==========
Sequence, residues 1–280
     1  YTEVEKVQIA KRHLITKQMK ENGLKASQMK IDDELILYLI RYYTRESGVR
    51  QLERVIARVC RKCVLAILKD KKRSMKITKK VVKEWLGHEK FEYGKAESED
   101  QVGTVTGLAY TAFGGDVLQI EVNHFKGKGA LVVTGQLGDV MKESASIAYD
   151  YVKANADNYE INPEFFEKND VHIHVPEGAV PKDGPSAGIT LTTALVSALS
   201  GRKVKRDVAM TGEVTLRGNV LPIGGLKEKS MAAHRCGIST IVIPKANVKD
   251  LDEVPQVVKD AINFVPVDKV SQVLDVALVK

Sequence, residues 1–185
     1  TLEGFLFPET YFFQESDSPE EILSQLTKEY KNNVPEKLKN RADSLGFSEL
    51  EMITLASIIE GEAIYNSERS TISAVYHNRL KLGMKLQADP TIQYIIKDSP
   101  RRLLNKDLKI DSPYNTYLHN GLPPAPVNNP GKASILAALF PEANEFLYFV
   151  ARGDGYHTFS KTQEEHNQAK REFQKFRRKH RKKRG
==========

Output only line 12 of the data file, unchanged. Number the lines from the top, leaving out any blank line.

   151  ARGDGYHTFS KTQEEHNQAK REFQKFRRKH RKKRG